Georgian Underworld: The Man Who Saved Children. Channel 4, April 17, 9-10pm
Robin Buss takes a look at the underbelly of existence in the 18th century
Coram's Fields, a little park near Gray's Inn Road in London, commemorates one of the most remarkable figures of 18th-century England, whose life is the subject of the first documentary in the Channel 4 season, Georgian Underworld.
Thomas Coram's story is one of hope and despair. He was a retired shipbuilder who devoted himself to finding a solution to the problem of unwanted children. In an age when there was no reliable birth control and little sympathy for the pregnant servant or working-class mother, children were often abandoned on the streets, or killed at birth. Coram set out not only to rescue some of these infants, but also to change the attitude of society towards them.
This was no easy task, since it was widely assumed that relieving improvident mothers of their children would simply cause them to have more, "discourage matrimony", and "be a promotion of wickedness", according to critics at the time. Royal assent was needed for the creation of the first foundling hospital, and it took Coram 17 years to obtain the necessary charter. He did so eventually by appealing to the charitable impulses of society ladies and approaching George II through Queen Caroline.
When the hospital did open, in 1741, it was swamped with applications.
Mothers often left their babies with tokens - a broken coin, a jewel, a locket. These survive in the hospital museum because, as a matter of policy, they were never given to the children concerned. Attitudes towards children may have been changing, but they still had a long way to go.
So did medical knowledge. Many of Coram's children died because of poor diet; it took some time for the hospital governors to consider paying wet nurses, rather than feeding infants with a mixture of liquid and solid foods. In fact, the hospital probably contributed towards the advancement of medicine, but by a pretty crude form of trial and error. Nonetheless, the children of 18th-century London faced better odds in Coram's care than on the streets.
Life on those streets is the subject of other programmes in the series.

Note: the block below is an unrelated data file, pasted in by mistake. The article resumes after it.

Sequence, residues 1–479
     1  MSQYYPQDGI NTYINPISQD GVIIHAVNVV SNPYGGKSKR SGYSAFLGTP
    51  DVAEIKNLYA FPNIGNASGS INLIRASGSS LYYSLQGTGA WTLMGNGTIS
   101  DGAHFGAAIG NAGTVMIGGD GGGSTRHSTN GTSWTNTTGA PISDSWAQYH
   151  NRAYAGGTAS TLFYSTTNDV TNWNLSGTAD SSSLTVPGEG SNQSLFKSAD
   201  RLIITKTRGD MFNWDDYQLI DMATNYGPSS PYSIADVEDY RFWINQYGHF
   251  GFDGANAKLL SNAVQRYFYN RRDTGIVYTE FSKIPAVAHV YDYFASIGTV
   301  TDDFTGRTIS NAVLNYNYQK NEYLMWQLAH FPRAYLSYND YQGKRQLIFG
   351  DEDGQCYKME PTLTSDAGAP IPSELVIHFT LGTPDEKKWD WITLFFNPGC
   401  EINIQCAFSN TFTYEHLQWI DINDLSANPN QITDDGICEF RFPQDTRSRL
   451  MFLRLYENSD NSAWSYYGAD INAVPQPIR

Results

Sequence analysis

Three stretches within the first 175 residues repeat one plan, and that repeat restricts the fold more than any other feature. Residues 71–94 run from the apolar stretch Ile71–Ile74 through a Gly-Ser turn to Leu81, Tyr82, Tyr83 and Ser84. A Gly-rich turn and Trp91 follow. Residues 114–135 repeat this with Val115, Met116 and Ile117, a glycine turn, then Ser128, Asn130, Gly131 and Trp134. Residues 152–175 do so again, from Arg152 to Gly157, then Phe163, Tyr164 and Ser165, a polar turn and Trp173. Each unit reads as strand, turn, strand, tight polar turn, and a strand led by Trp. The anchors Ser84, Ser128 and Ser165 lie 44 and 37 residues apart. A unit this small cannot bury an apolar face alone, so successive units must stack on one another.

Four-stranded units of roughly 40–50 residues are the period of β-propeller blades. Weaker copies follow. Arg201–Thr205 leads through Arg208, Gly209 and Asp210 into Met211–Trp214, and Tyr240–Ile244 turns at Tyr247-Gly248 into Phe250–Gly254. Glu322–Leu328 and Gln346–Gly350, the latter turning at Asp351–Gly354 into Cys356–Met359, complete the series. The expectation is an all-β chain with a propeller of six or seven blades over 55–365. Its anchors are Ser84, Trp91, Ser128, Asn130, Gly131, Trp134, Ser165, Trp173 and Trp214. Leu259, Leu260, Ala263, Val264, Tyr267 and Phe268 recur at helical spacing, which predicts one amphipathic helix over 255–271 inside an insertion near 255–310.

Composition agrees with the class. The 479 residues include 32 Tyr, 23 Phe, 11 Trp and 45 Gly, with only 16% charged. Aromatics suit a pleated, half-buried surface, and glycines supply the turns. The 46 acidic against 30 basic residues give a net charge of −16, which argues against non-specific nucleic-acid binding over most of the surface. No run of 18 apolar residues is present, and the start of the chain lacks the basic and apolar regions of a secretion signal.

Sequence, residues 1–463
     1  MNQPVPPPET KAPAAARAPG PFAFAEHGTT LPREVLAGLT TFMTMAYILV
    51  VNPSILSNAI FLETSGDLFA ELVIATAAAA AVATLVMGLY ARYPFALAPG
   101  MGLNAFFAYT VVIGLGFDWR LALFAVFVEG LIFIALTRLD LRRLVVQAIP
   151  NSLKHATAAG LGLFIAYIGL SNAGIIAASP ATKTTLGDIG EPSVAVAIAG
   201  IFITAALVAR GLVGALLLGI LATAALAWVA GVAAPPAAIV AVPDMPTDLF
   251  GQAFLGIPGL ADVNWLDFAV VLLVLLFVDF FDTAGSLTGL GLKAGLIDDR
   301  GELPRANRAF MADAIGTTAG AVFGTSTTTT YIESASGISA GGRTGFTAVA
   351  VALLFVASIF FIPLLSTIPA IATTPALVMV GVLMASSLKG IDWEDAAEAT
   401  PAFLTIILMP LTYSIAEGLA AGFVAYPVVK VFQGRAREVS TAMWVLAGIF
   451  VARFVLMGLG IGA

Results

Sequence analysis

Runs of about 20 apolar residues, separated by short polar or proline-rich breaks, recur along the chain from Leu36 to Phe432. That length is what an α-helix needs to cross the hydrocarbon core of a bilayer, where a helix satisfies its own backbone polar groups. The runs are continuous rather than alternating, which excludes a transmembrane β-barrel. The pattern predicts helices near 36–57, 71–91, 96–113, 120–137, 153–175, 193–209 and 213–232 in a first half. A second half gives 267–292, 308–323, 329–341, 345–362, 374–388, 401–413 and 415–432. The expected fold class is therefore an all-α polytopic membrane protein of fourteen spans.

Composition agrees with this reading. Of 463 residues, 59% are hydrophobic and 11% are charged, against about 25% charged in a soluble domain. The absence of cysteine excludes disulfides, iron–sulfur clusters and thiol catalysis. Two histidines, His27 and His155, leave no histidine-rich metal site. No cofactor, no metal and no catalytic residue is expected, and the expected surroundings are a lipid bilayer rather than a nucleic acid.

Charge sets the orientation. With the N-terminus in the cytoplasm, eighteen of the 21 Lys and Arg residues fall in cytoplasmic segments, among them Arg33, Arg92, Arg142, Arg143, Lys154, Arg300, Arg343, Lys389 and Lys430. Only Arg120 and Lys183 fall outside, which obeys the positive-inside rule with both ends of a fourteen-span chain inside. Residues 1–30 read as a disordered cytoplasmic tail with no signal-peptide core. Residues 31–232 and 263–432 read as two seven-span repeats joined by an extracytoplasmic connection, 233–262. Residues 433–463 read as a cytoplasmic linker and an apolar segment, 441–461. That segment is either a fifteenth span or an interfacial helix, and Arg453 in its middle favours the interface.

Invitation to a Hanging (April 24, 9-10.30pm), tells the fascinating story of Jack Sheppard, the young apprentice who became one of the stars of his age thanks to his audacious prison escapes, until his luck ran out and he had to keep an appointment at Tyburn (the first permanent gallows, set up in 1571), in November 1724. Bare Knuckle Boxer (May 1, 7-8pm), recalls the career of Bill Richmond, the black champion who took on the celebrated Tom Cribb, at a time when boxing was illegal and fights went on until one fighter dropped.
The Peterloo Massacre (May 4, 9-10.30pm) takes us forward to 1819 and reconstructs the inquest into the death of a victim of the killings in St Peter's Fields, Manchester. The season ends with Queer as 18th-century Folk (May 8, 9-10pm), an investigation into gay culture in the period, including clear evidence - from the mid-19th-century, as it happens - that lesbian sex was not unknown in earlier times.
Each of the films, which can be seen separately, uses dramatic reconstruction and expert commentary to tell its story and bring out the significance of what it describes. Invitation to a Hanging, while occasionally gruesome in parts, has a lot to tell us in general about crime and punishment in 18th-century London. Did you know, for example, that nearly half of those executed at Tyburn in the first quarter of the 18th century were apprentices? These young men, indentured for many years to their masters and expected to work without pay, were considered a hooligan class. Jack Sheppard himself was raised in the workhouse (in the days before Coram's Foundling Hospital), and then apprenticed to a carpenter; he spent all his short life within the City of London.
Bill Richmond, son of a slave, eventually became the proprietor of a gymnasium frequented by Lord Byron, and provided one of the earliest examples of boxing as a means of social and material advancement.
Even though this is history from the underside - and with a bias towards the poor, the dispossessed, the persecuted and the despised - it has a good deal to tell us about an exciting period of English life, as well as disproving the statement by the young radical lawyer in the Peterloo film that the victims of the massacre were among "the losers of history", destined to be covered up and forgotten.
And what of Thomas Coram? Sadly, he was voted off the board of the institution he had founded and died in poverty, at the age of 83, having no children of his own to look after him.